• Stephanie, I love learning this about you! What a cool story you have… I’d be interested to hear more about your swing dancing adventures. And I can understand your attachment to your current home… When I met my husband after college, he was just hitting the point where he’d been in one place the longest time in his life. (He’d moved every four years growing up.) It seemed a little ironic that packing all our stuff to start full time travel would be harder on him than me– since I’d been the one who’d lived in one place almost my whole life– but I think it was because he had finally found a “home base” and he didn’t want to leave it..

  • Oh wow Linda, this is such a beautiful piece! I guess for my husband and I, our family is scattered across the US so we spend our “travel time” driving and/or flying back and forth to see parents and grandparents. Sometimes I feel a bit resentful that our family takes up all our travel time and money (because we only get so many vacation days at work…) but what would my life be like without my family? Very dull and lonely! So I’m content with it for now. But one day, things may change!

    • Oh I totally get that! Growing up, my family was all over the globe, so that’s how international travel became such a normal part of life. But on the flipside, I didn’t see much of the States til I was in college! But you’re right.. family is everything!!

  • This is a gorgeous post! As someone who yearns to travel more, I often don’t think of these difficulties. My husband and I are about to spend the next two years traveling for work and not having a home to go back to and I know that will be hard. Not having a community to rely on and being far away from everyone. Thank you for sharing. Subscribed to your blog so I can look forward to reading future posts!

    • Aw thanks Cassandra! And best of luck with your travel lifestyle! It can be a challenge but I think if you are willing to let it stretch and grow you, there is so much to learn about yourself. What kind of job is taking you guys on the road for two years?

  • I think ulimately a balance can be achieved. It doesn’t have to be all or nothing. There can be seasons of deep immersion and others where jetting off is the norm. What’s awesome about your year of travel is it’s allowing you to think about the level of community you want/need.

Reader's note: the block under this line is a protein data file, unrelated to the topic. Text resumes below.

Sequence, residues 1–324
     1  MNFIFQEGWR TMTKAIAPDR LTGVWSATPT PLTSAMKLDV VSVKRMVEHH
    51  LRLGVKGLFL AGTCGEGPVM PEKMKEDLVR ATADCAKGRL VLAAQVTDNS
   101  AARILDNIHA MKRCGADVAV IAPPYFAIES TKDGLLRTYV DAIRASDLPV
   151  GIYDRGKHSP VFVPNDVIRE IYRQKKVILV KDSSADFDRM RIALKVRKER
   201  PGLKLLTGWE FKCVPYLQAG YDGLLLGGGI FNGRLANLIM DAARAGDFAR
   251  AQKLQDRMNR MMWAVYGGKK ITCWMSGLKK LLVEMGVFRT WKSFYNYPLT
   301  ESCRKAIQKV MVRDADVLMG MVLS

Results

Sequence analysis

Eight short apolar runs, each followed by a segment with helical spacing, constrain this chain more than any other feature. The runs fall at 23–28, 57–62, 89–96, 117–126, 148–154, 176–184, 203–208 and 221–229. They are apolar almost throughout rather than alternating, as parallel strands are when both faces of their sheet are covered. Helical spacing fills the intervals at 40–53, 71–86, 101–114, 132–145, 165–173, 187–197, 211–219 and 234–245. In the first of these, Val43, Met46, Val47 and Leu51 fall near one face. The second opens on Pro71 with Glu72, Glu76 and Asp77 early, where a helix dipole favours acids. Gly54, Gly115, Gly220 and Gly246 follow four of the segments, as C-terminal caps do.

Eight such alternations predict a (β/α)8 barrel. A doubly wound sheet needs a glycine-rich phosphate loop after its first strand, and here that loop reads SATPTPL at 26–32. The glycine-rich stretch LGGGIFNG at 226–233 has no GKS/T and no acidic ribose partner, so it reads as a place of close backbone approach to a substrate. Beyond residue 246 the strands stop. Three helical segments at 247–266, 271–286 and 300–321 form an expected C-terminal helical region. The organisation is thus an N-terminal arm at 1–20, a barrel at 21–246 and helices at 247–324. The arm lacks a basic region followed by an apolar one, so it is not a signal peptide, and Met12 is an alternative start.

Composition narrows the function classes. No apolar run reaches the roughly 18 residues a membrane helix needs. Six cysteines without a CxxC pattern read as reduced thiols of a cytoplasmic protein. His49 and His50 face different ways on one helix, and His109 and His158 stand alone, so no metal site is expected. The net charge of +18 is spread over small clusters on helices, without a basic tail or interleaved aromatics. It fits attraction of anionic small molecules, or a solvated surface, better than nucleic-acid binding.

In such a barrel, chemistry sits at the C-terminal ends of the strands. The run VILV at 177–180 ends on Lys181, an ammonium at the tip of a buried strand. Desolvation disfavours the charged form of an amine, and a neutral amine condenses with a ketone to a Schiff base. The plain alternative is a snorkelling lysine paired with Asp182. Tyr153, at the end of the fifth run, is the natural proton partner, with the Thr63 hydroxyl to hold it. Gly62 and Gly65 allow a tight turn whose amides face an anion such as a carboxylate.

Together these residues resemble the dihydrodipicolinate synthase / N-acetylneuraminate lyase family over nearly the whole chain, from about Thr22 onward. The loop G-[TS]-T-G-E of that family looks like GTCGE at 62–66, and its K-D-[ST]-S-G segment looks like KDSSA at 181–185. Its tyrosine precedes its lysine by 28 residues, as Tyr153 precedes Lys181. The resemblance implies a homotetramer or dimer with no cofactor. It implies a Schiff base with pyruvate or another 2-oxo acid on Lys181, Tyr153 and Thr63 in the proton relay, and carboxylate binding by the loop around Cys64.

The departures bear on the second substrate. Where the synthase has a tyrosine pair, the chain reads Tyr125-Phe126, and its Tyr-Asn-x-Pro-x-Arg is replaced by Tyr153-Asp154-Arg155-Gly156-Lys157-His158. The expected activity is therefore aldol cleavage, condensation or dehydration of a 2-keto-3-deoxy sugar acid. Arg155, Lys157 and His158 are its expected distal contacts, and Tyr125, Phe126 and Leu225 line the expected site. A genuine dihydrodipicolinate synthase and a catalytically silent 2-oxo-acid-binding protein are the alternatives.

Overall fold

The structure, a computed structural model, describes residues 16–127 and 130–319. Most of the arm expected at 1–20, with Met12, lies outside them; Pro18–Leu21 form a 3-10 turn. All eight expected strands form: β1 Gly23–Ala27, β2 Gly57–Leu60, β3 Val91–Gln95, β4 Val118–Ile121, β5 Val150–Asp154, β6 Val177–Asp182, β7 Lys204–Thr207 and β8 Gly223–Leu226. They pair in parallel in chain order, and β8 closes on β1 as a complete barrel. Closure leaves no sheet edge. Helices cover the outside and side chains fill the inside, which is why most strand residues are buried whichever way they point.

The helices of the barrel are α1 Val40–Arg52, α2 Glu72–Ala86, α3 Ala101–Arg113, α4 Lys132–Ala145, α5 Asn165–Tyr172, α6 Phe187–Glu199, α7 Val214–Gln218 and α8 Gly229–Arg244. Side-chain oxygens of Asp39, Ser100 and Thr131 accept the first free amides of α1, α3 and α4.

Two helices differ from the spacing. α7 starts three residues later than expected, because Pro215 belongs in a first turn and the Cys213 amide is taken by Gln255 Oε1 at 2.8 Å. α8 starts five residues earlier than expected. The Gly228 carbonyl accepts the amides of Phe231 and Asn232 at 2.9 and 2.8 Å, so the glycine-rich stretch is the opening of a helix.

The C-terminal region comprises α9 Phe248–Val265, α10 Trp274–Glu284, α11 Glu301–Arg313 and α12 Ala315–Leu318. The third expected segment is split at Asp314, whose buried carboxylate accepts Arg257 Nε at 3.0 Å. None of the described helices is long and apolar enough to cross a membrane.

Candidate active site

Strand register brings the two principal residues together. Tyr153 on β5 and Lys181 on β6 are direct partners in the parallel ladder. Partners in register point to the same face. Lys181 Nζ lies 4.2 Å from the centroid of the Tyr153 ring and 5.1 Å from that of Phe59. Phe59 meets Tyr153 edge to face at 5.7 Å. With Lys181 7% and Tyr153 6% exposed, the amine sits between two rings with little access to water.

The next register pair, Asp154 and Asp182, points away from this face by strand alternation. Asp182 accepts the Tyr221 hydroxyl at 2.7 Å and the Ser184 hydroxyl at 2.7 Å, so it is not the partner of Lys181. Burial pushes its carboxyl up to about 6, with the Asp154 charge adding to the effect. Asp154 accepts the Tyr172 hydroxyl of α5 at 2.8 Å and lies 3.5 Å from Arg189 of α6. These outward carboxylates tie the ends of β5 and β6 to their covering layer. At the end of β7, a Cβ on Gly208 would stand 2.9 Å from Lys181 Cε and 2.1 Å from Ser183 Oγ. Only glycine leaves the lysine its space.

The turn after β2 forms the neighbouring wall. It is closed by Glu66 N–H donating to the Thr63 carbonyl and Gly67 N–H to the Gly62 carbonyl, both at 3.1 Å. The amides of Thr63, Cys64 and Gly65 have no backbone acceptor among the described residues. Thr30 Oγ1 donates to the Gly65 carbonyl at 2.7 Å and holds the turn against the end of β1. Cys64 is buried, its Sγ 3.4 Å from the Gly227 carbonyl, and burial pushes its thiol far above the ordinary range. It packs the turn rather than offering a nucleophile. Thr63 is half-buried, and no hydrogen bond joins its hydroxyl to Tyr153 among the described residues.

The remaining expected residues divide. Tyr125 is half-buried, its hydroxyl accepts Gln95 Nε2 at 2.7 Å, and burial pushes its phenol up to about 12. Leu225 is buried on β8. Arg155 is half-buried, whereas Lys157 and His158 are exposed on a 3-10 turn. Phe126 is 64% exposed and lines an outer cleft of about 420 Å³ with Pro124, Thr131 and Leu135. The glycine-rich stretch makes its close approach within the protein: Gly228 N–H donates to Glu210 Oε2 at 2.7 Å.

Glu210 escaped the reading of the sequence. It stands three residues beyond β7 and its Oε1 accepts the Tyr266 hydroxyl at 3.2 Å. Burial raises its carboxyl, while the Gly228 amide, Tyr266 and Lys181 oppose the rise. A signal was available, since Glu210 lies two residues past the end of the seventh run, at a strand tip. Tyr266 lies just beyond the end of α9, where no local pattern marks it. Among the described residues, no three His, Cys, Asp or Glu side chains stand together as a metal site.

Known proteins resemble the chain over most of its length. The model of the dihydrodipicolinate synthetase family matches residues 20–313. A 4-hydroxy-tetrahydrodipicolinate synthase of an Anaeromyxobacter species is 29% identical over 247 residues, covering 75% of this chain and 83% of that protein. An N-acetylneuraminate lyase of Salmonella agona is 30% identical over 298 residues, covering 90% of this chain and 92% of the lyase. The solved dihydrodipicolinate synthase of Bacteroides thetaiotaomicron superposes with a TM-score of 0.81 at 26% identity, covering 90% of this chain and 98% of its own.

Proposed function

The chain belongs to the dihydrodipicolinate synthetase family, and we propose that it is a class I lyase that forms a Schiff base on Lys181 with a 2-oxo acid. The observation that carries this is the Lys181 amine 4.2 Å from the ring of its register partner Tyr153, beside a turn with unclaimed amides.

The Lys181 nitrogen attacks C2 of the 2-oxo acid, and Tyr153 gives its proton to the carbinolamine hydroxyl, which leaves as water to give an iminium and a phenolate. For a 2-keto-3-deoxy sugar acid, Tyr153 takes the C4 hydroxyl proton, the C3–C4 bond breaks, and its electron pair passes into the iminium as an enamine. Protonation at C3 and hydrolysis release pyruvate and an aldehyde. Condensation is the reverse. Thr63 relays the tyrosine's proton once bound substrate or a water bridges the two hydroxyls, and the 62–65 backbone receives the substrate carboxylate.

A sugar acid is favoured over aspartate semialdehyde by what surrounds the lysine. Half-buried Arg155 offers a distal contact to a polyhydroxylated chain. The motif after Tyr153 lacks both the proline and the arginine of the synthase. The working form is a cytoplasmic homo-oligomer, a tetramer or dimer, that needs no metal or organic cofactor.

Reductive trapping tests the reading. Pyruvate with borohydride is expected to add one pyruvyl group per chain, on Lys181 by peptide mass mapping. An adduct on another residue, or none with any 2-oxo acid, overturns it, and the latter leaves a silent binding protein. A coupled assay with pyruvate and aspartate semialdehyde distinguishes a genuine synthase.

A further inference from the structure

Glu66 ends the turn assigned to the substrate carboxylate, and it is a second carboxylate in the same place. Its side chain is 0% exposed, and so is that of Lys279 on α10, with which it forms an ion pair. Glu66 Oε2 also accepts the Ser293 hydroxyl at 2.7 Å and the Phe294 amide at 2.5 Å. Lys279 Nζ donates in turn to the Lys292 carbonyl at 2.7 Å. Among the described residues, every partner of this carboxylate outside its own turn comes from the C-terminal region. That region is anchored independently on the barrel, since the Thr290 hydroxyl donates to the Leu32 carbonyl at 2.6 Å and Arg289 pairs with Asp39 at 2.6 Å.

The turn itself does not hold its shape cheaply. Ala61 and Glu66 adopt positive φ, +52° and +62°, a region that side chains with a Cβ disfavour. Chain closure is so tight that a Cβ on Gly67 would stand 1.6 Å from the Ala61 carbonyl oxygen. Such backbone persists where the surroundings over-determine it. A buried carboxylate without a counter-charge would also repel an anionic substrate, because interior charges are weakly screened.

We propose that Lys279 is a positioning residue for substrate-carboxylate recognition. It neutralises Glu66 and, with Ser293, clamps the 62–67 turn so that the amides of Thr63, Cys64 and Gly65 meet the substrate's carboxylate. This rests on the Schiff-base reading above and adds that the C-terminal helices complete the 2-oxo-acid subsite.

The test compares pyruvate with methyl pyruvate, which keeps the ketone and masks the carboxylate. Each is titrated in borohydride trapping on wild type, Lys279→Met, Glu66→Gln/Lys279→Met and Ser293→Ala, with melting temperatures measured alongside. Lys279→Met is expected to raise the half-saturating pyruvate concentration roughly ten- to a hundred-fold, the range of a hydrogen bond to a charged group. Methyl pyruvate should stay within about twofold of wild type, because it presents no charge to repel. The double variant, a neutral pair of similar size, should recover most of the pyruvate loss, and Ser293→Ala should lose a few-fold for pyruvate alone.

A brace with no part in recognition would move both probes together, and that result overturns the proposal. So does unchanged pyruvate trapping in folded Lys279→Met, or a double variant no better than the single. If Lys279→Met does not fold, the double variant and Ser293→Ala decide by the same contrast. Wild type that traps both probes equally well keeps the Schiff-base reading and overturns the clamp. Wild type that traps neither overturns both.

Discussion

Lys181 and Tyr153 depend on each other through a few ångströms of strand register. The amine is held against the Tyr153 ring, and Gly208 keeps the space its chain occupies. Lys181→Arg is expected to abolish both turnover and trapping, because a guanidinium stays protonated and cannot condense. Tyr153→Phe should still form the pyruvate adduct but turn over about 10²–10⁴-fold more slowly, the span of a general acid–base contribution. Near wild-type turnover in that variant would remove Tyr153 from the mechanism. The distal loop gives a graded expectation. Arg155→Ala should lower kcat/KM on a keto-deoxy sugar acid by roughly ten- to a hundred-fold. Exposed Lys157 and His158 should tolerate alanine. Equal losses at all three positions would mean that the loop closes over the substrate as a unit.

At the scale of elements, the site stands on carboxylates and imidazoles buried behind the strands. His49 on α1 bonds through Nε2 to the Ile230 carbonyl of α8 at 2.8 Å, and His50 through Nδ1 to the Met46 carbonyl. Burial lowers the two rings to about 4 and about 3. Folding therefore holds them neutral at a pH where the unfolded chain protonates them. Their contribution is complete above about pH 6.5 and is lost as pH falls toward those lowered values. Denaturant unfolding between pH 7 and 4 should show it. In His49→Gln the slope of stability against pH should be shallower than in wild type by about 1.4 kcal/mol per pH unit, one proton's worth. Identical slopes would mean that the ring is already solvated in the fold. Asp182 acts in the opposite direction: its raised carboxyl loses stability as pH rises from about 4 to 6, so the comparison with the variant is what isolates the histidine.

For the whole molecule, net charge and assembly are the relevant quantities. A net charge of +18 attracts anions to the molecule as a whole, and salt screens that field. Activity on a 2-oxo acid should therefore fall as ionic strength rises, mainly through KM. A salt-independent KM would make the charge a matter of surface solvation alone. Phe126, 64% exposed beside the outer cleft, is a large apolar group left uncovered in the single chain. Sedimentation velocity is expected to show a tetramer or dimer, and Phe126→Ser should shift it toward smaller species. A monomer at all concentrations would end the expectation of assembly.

I’d love to spend a summer in Europe someday…the French countryside perhaps?

    • You’re so right on… this is a season of figuring out what we want in a community. And for us, travel in this way was important and we knew we “needed” (there’s always another way I guess) to do it before kids, careers, etc. It kind of needed to be all or nothing for us. But I agree that even after we “settle” somewhere, I think international travel will always be a part of our lives 🙂
      Also… the French countryside sounds amazing. I think my dream summer would be Croatian coastline!

  • Ahh I totally feel you on this – trust me, I LOVE traveling and have loved that I’ve been fortunate to travel & live in foreign cities and feel at times, disappointed with the LACK of travel currently in our life. Sure, we travel throughout the Northeast, but it’s not the same rush of landing in a country where you don’t speak the language, doesn’t accept the US dollar, and you have no idea how to get to your hotel. But like all things, it’s nice to have stability and consistency. While often we see it as boring, stale or stagnant, the predictable can be the comfortable which is nice more often than not. I wish (and why wouldn’t this work?) we could travel for 2-3 weeks every 3-4 months to a new place. A new country. New city. New adventure. You have the stability of curating your own space, but the excitement of a new adventure to look forward to and create memories. For now, we try to land somewhere in between exploring our area and planning some fun trips (IRELAND!) to look forward to, but there is still more to be done! Enjoy this stage of life while you can and know once you do settle down you’re never done traveling!

    • Thanks Alicia!! I can imagine the feeling of being stuck between wanting to travel and liking being at home. I mean, that’s basically where we’re at, except on the opposite side of the coin. And that travel schedule with 2 weeks every few months?! Sounds amazing. That’s one huge benefit in my mind of developing a location independent business, or freelancing online… it gives you the freedom to at least move locations like that even if you can’t totally take off work! But in the meantime… you’re right. You guys still travel all over the NE and we have Ireland coming so soon!! 🙂